Conservative MPs have welcomed Dominic Cummings’ departure as Boris Johnson’s chief adviser amid a bitter power struggle in No 10 as a good opportunity for a “reset”.
The Prime Minister’s controversial aide is expected to leave his role by the end of the year, following the resignation of his fellow Vote Leave veteran Lee Cain as communications chief.
Mr Cummings insisted to the BBC that “rumours of me threatening to resign are invented” after it was suggested he would exit in protest over the treatment of his ally.
But Mr Cummings said his “position hasn’t changed since my January blog” in which he said he hoped to be “largely redundant” by 2021.
Tory backbenchers urged No 10 to use the exit of the aide whose mid-lockdown trip to Durham cemented his notoriety as an opportunity to restore the values of “respect, integrity and trust”.
Senior Tory MP Sir Bernard Jenkin said it is time to restore “respect, integrity and trust”, which he said have been “lacking in recent months” between No 10 and Tory MPs.
“It’s an opportunity to reset how the Government operates and to emphasise some values about what we want to project as a Conservative Party in Government,” the chair of the Commons liaison committee told BBC Radio 4’s Today programme.
“I’m not surprised in a way that it is ending in the way it is. No prime minister can afford a single adviser to become a running story, dominating his Government’s communications and crowding out the proper messages the Government wants to convey.
“Nobody is indispensable.”
Conservative former Cabinet minister Theresa Villiers welcomed “a good opportunity for a fresh start”.
“Clearly there are concerns about the dismissive attitude sometimes shown by Lee Cain and Dominic Cummings towards people in Government and MPs on the backbenches,” she told the PA news agency.
“This is an opportunity to move on from that and to have a more collaborative approach.”
Downing Street declined to comment further on Mr Cummings’ plans to leave, refusing to say whether he had formally handed in his notice, or if an exit date had been set.
Transport Secretary Grant Shapps argued that Mr Cummings was ready to quit because his big projects of mass coronavirus testing and Brexit are “on the near-term horizon now”.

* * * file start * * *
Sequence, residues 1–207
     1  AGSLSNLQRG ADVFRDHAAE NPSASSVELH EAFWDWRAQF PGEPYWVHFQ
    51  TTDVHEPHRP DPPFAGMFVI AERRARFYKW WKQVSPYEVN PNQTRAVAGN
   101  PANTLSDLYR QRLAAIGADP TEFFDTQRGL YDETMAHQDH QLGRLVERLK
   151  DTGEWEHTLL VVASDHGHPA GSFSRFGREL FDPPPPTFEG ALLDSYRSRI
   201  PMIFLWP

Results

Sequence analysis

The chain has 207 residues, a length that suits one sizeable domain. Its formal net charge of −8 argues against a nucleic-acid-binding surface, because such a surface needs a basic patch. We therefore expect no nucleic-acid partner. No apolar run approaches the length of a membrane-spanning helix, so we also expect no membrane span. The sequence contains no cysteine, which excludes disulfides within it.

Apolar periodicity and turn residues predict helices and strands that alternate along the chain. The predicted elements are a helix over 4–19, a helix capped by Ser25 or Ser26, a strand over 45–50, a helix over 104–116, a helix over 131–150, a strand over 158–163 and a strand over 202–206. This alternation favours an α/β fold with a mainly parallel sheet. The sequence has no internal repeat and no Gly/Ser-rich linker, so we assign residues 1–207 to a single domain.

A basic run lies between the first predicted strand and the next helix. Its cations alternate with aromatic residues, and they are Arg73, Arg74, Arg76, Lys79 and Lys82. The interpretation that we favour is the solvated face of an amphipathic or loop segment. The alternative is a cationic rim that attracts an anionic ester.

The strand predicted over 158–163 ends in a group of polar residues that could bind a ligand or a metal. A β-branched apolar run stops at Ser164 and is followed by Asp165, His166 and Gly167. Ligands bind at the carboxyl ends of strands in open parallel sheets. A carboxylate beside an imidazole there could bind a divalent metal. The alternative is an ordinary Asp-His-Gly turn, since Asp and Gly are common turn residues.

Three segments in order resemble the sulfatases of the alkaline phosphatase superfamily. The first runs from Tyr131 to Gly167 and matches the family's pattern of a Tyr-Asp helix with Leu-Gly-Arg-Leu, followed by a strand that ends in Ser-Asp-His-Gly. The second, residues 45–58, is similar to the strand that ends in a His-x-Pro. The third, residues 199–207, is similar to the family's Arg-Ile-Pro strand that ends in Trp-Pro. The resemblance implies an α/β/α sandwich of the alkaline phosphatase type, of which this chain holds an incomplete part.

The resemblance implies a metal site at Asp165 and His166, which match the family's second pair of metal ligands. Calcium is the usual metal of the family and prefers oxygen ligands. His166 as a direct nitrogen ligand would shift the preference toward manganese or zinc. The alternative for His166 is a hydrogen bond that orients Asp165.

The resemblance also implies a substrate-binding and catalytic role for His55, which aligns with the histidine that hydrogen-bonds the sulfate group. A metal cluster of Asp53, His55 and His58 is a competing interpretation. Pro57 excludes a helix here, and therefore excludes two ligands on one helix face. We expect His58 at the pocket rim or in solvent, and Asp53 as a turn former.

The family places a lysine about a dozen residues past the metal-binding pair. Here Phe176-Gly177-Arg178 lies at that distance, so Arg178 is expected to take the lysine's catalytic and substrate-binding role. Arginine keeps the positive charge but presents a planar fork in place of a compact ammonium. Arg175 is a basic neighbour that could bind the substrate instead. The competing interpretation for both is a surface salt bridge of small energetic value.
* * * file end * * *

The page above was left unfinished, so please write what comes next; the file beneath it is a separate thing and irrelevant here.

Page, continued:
“He will be missed but then again we’re moving into a different phase,” the Transport Secretary told Sky News, adding that “advisers do come and go”.
One of the most controversial figures in No 10, news of his departure came with the BBC quoting a Downing Street source saying he would be “out of Government” by Christmas.
Highly-publicised in-fighting at the heart of Government led to Mr Cain’s resignation on Wednesday.
He had been offered the post of chief of staff but a backlash among Tories and Mr Johnson’s inner circle sealed his departure.
Shadow health secretary Jonathan Ashworth highlighted the strain being heaped on the NHS and the public by Covid-19 while “Downing Street is paralysed by the soap opera of these self-indulgent spin doctors,” adding: “It’s pathetic.”
His colleague on the Labour front-bench, David Lammy, said the departures are “like rats fleeing a sinking ship”.
“His legacy is one of bullying, deception, hypocrisy and hubris. The super-forecaster who ignored the pandemic. His damage is irreparable,” he added.
The Prime Minister’s official spokesman, James Slack, who will replace Mr Cain when he leaves in the new year, continued to insist that Mr Johnson is not being distracted from the national crisis by the row.
“What the Prime Minister and the Government are focused upon is taking every possible step to get this country through the coronavirus pandemic,” he said.